You know what happened? I made A LOT more space for things that contribute to my longevity. I got lost in good books. I flipped through my favorite magazines and looked at all the pretty pictures. I went for long walks by myself. I watched Christmas movies and snuggled with my kids. I enjoyed meals, unhurried and uninterrupted. I had deep and meaningful conversations.

At the end of my self-imposed news blackout, I noticed my spirit wasn't as agitated. My soul was calm, like still waters. Even physically, my muscles felt less tense. My shoulders were more relaxed. My digestion was better. I slept through the night. And when I "returned" to the world (you can't stick your head in a hole forever) I had with me that very precious mental commodity: perspective. 

Do you read the news every day? Does it make you feel worried? Maybe taking yourself off the news grid every once in a while would help you, too. Try it, and let me know how it goes!   


How about some good news? (Good News Network)

Monday, January 21, 2019

MLK Day


Perhaps it is easy for those who have never felt the stinging darts of segregation to say, ‘Wait.’ 

But when you have seen vicious mobs lynch your mothers and fathers at will and drown your sisters and brothers at whim; when you have seen hate filled policemen curse, kick and even kill your black brothers and sisters; when you see the vast majority of your twenty million Negro brothers smothering in an airtight cage of poverty in the midst of an affluent society; 

When you suddenly find your tongue twisted and your speech stammering as you seek to explain to your six year old daughter why she can’t go to the public amusement park that has just been advertised on television, and see tears welling up in her eyes when she is told that Funtown is closed to colored children, and see ominous clouds of inferiority beginning to form in her little mental sky, and see her beginning to distort her personality by developing an unconscious bitterness toward white people; when you have to concoct an answer for a five year old son who is asking: ‘Daddy, why do white people treat colored people so mean?’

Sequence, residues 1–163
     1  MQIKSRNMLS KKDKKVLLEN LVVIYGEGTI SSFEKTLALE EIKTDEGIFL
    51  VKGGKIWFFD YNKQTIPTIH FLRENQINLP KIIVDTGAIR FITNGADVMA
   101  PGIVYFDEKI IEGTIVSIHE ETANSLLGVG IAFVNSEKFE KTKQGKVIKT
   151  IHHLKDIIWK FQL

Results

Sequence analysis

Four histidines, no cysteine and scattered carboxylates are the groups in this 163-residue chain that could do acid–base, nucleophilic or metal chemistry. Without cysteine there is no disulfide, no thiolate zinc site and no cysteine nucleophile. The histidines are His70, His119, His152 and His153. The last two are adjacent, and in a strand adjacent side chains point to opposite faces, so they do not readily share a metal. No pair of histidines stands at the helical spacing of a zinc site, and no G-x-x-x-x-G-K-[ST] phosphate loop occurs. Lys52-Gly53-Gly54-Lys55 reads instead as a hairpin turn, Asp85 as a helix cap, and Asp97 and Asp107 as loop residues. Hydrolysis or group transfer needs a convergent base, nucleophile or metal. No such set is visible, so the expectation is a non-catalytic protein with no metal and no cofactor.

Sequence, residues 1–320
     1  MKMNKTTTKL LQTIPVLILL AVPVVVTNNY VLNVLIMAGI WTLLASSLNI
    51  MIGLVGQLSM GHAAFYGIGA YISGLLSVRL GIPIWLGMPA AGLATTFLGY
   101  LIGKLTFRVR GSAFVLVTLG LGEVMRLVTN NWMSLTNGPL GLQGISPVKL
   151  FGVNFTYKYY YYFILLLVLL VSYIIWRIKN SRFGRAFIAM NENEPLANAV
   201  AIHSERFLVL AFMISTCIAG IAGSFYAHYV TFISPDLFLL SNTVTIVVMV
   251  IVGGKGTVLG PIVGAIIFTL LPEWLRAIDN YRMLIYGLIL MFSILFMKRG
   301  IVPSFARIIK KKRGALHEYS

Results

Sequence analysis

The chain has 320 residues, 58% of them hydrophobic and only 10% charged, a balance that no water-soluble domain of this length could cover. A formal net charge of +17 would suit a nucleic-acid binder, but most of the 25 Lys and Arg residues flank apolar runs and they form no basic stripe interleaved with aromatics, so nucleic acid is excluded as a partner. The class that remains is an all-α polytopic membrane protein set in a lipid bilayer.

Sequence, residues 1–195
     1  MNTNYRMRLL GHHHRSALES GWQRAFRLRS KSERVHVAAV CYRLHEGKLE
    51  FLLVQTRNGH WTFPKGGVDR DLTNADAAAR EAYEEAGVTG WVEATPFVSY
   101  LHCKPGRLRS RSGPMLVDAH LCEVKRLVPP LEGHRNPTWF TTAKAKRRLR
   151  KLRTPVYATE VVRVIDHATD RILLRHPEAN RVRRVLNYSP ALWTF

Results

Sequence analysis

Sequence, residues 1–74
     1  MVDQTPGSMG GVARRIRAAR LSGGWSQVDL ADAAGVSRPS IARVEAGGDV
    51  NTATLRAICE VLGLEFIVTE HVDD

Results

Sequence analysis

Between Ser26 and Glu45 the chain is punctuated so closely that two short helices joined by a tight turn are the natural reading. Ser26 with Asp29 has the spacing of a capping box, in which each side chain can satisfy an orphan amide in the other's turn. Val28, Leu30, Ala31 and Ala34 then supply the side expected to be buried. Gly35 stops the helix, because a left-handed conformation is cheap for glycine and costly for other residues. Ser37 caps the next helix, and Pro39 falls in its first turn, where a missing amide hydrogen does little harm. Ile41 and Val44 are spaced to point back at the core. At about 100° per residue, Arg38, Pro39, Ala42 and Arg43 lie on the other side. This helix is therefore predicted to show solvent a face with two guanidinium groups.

When you take a cross county drive and find it necessary to sleep night after night in the uncomfortable corners of your automobile because no motel will accept you; when you are humiliated day in and day out by nagging signs reading ‘white’ and ‘colored’; when your first name becomes ‘nigger,’ your middle name becomes ‘boy’ (however old you are) and your last name becomes ‘John,’ and your wife and mother are never given the respected title ‘Mrs.’

When you are harried by day and haunted by night by the fact that you are a Negro, living constantly at tiptoe stance, never quite knowing what to expect next, and are plagued with inner fears and outer resentments; when you are forever fighting a degenerating sense of ‘nobodiness’ - then you will understand why we find it difficult to wait."

– Martin Luther King Jr.


How we talk about racism is wrong. (Kottke)